Finally, I asked Onaiyekan about the split within the Anglican Communion over the consecration of a gay bishop in the United States. Anglican Archbishop Peter Jasper Akinola of Nigeria has spearheaded opposition within the Anglican Communion, and in late November, the Anglican House of Bishops in Nigeria voted to sever ties with the Episcopalian Church.

“We are in total agreement,” Onaiyekan said. “This is not an issue for us in Africa.”

Onaiyekan said he resents the way some Westerners predict that as Africa develops economically, its traditional morality will give way, along with its high level of vocations, as in heavily secularized Europe and North America.

“How do you know this will happen?” Onaiyekan demanded. “Who told you?”

* * *

On Sunday, Dec. 21, the Catholic Union of the Italian Press sponsored a Christmas Mass for journalists at the Basilica of San Lorenzo in Lucina, celebrated by Cardinal Giovanni Battista Re, the prefect of the Congregation for Bishops. (One irony is that Re, although charming and urbane, is one of the least accessible prelates in the Roman Curia for the press).

Connecting the Christmas celebration to journalism, Re said that the “greatest news of human history of all time is that God became man.” In that sense, he said, the “first journalists” were the angels who delivered “tidings of great joy” to the shepherds that a savior had been born.

Re said the Christmas message is not just “big news” but “good news.”

Re urged journalists to learn from the Christmas message to be “communicators of truth.” There are many forces and interests in the world that seek to manipulate the media, he said, and in this context journalists have “a duty to the truth.”

For journalists who are religious believers, he said, the faith can never be extrinsic to one’s professional activity. Faith must be incarnate, shaping “every activity, every experience, every movement” of one’s life.

* * *

After the Mass, there was a panel discussion about the Sala Stampa, or press office, of the Vatican, featuring veteran Vatican writer Giancarlo Zizola and Joaquin Navarro-Valls, the Vatican spokesperson.

Zizola observed that the first impulse towards creating a press office dates to the 1920s, when certain Vatican prelates wanted a channel for getting information to friendly journalists as an end-run around the fascist regime.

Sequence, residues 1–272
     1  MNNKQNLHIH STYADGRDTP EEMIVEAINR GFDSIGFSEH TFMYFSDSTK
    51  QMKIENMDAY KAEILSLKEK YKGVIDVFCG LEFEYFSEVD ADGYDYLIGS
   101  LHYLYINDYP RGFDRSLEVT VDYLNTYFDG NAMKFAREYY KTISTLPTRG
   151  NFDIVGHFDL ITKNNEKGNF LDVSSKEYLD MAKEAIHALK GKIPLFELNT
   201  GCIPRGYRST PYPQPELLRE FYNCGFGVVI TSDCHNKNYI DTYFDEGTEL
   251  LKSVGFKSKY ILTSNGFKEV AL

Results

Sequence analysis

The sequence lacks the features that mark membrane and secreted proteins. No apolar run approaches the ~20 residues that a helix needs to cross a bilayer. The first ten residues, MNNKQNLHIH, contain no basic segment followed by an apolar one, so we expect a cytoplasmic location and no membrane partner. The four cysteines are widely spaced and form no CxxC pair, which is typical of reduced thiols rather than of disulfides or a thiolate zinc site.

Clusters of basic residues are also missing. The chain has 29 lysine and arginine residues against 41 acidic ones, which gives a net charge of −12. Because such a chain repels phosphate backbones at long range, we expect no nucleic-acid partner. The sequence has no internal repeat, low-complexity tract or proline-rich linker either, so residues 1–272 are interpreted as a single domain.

Zizola made clear how decisive was the role of the future Paul VI, Gianbattista Montini, while he was still a young monsignore in the Secretariat of State. Montini, whose father was a journalist, sustained the independence and anti-fascist stance of many Catholic journalists.

Back then, of course, what counted as “cooperation” isn’t necessarily what we mean today. For example, the Vatican launched a service for relaying the texts of papal speeches to journalists under Pius XI, but reserved the right to do a little “touch up” if the pope wandered off-script.

Zizola cited a diary entry of former Secretary of State Cardinal Domenico Tardini from August 28, 1935. The day before, Pius XI had addressed a group of nurses, intemperately calling the Italian invasion of Ethiopia a “war of conquest” and an “unjust war.” The remarks made Vatican officials nervous about reaction from Mussolini. Hence Tardini asked the editor of L’Osservatore Romano to come over to his house, and together they performed a “surgical operation,” toning down the text before it went out to the public. Tardini presented the revised address to the pope the next day, and Pius grudgingly went along with the changes, although insisting Ethiopia remained an “unjust war.”